7. Homeowners are eligible for an incentive of up to $1,000/year from the Treasury Department for paying on time. This incentive will last for 5 years and will be paid directly to the servicer to reduce the principal balance on your loan. “On time” for this incentive means no more than 30 days late.
8. If you ever go over 90 days delinquent at any time during this modified loan, your modified loan will be terminated and you will be considered for other loss mitigation programs or foreclosure.
9. Modified loans are not assumable
10. If your payment can’t be reduced below 31% DTI, you will be considered for traditional loss mitigation programs. This program offers servicer incentives to allow a short sale or deed in lieu rather than foreclosing.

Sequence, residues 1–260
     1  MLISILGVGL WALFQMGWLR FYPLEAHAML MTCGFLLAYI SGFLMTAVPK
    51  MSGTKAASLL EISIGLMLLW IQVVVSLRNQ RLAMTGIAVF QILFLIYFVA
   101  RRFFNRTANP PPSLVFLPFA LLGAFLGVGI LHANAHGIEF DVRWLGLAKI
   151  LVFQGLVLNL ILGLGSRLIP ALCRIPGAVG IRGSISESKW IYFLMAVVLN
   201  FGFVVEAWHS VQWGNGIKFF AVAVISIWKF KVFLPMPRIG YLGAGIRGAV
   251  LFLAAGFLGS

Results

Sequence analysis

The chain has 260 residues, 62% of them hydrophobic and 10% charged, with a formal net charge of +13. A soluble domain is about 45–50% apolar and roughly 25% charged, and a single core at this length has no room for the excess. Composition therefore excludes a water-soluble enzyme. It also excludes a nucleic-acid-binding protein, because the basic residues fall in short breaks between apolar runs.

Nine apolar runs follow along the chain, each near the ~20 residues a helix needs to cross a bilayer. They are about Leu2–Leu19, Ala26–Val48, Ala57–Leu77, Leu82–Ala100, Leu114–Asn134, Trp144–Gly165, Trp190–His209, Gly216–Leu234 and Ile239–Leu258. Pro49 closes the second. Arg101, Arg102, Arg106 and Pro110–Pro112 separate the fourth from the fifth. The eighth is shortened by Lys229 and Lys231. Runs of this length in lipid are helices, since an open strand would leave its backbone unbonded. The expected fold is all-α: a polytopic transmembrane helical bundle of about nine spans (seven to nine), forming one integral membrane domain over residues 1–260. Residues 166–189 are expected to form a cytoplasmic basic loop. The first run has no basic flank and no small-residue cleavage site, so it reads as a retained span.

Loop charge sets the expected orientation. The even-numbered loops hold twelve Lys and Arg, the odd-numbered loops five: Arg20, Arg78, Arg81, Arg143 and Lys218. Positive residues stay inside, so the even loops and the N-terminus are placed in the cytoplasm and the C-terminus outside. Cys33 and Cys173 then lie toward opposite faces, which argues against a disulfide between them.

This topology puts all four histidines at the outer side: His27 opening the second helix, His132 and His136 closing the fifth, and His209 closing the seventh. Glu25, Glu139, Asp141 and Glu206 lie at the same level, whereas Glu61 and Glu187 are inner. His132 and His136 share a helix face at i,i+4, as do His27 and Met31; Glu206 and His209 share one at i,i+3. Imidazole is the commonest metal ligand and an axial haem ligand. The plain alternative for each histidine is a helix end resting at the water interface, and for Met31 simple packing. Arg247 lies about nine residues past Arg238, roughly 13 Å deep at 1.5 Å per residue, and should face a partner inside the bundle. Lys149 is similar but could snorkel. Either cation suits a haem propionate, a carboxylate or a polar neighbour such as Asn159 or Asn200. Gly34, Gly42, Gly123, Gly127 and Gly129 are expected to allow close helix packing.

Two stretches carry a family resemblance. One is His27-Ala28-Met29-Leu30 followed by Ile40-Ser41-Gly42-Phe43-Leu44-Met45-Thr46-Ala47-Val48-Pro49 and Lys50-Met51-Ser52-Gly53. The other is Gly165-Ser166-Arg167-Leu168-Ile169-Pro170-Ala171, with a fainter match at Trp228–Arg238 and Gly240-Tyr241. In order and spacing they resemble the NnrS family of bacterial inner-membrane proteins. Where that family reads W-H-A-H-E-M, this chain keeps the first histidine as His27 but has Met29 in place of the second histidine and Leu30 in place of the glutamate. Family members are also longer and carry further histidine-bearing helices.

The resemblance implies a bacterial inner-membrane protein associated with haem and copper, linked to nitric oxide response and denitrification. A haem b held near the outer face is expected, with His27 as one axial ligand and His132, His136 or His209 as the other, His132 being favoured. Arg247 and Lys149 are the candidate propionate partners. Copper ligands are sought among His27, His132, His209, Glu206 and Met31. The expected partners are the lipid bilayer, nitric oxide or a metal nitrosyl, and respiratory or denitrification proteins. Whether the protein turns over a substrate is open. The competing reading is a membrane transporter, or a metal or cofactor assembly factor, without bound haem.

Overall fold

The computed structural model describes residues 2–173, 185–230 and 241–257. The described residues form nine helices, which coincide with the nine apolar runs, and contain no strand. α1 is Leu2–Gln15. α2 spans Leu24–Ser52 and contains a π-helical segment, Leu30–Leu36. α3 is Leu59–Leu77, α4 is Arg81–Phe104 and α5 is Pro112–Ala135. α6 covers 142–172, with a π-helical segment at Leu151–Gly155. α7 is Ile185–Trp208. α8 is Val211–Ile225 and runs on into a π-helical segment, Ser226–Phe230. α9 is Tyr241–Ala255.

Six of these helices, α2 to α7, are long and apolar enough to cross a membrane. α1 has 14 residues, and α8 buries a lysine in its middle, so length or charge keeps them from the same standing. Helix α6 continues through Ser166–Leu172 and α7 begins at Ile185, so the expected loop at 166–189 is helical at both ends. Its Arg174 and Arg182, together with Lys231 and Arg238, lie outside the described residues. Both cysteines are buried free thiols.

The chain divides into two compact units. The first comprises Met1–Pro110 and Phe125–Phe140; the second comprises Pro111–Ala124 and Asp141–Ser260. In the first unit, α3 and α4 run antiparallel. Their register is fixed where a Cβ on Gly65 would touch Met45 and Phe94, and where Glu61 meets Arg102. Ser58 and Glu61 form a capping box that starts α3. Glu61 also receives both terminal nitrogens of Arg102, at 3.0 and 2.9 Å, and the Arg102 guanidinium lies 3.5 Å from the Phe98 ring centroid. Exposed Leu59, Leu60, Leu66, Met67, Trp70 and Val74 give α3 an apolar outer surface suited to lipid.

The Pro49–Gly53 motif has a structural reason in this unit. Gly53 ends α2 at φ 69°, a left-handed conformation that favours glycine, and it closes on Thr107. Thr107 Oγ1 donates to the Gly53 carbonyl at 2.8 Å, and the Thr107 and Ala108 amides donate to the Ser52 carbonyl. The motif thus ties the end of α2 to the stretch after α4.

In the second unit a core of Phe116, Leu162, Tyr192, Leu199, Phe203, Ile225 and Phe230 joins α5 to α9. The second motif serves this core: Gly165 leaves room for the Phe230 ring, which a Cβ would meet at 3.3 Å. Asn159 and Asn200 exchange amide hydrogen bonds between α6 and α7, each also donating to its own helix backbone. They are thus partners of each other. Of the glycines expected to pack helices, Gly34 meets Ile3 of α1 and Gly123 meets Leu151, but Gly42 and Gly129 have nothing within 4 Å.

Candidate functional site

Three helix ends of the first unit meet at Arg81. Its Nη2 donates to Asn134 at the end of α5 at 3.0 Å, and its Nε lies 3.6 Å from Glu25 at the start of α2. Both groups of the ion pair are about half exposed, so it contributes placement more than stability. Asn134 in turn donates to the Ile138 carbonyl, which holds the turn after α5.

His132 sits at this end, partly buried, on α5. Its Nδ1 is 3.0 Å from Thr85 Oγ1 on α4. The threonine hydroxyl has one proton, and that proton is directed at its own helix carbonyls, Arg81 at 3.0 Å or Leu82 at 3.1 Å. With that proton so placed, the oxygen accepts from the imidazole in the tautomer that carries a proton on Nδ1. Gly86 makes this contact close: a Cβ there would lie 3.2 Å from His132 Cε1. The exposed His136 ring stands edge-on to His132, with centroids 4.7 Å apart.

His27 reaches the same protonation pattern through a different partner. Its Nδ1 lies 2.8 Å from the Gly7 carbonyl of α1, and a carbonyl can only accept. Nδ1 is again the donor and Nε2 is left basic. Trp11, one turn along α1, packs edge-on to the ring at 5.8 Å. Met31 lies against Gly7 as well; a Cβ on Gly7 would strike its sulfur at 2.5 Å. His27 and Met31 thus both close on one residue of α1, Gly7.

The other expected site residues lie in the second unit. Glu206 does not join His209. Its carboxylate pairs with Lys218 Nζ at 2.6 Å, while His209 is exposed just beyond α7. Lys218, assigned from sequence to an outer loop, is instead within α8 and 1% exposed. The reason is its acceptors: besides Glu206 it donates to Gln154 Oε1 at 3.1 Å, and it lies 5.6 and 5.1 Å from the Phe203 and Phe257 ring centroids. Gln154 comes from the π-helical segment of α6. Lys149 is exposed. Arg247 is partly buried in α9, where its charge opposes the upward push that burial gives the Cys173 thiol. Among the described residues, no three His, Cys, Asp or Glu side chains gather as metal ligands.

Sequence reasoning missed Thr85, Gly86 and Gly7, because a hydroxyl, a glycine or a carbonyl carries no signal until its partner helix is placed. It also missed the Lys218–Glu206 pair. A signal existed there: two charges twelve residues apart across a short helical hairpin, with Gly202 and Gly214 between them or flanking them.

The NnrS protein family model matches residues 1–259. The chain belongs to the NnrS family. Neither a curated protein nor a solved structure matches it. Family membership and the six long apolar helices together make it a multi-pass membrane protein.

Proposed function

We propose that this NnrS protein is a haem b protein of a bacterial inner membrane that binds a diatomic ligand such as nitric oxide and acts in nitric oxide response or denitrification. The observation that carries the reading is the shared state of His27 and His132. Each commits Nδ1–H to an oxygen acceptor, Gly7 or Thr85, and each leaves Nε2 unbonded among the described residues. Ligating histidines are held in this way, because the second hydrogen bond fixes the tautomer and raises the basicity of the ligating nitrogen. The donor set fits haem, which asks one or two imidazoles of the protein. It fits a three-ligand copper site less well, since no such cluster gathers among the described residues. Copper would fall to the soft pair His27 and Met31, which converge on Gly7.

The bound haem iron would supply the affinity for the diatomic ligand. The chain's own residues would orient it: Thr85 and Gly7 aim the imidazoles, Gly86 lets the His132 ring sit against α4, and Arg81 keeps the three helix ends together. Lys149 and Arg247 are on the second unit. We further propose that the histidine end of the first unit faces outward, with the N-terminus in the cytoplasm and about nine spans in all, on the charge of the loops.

Why would servicers participate?
Because they get paid to modify your loan (and paid more if they do it before you default). They also get paid for every year you pay on time. In addition, since this program only deals with first mortgages, they are offered an incentive if they work with subordinate mortgage holders to reduce or eliminate their liens. In the end, they (the servicing companies) will be paid more to help you stay than they will to foreclose in most cases.
I know this is A LOT of information, so if you have questions or comments, please post below. But remember, what I say is just an informed opinion…you really need to talk to your lender. You can also check out yesterday’s post for links to all the official Treasury Department Home Affordable Loan Modification documents.